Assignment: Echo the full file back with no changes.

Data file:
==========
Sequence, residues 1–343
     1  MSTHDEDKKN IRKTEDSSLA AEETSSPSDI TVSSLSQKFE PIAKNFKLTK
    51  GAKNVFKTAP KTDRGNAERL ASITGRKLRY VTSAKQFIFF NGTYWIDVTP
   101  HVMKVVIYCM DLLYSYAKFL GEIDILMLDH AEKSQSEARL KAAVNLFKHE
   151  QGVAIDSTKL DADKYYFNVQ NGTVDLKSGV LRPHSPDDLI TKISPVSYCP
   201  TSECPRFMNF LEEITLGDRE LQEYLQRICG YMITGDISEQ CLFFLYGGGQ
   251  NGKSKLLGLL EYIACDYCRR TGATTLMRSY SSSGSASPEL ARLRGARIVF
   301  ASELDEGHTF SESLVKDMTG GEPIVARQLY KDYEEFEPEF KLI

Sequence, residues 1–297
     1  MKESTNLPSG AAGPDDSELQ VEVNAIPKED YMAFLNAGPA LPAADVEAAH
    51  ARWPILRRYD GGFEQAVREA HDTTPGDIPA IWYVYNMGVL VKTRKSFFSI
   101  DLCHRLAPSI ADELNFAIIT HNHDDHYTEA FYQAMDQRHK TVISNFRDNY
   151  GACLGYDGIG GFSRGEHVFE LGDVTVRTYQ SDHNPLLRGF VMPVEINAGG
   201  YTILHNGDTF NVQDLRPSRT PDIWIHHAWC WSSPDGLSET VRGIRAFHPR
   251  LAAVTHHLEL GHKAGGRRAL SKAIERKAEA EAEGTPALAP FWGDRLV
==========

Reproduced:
Sequence, residues 1–343
     1  MSTHDEDKKN IRKTEDSSLA AEETSSPSDI TVSSLSQKFE PIAKNFKLTK
    51  GAKNVFKTAP KTDRGNAERL ASITGRKLRY VTSAKQFIFF NGTYWIDVTP
   101  HVMKVVIYCM DLLYSYAKFL GEIDILMLDH AEKSQSEARL KAAVNLFKHE
   151  QGVAIDSTKL DADKYYFNVQ NGTVDLKSGV LRPHSPDDLI TKISPVSYCP
   201  TSECPRFMNF LEEITLGDRE LQEYLQRICG YMITGDISEQ CLFFLYGGGQ
   251  NGKSKLLGLL EYIACDYCRR TGATTLMRSY SSSGSASPEL ARLRGARIVF
   301  ASELDEGHTF SESLVKDMTG GEPIVARQLY KDYEEFEPEF KLI

Sequence, residues 1–297
     1  MKESTNLPSG AAGPDDSELQ VEVNAIPKED YMAFLNAGPA LPAADVEAAH
    51  ARWPILRRYD GGFEQAVREA HDTTPGDIPA IWYVYNMGVL VKTRKSFFSI
   101  DLCHRLAPSI ADELNFAIIT HNHDDHYTEA FYQAMDQRHK TVISNFRDNY
   151  GACLGYDGIG GFSRGEHVFE LGDVTVRTYQ SDHNPLLRGF VMPVEINAGG
   201  YTILHNGDTF NVQDLRPSRT PDIWIHHAWC WSSPDGLSET VRGIRAFHPR
   251  LAAVTHHLEL GHKAGGRRAL SKAIERKAEA EAEGTPALAP FWGDRLV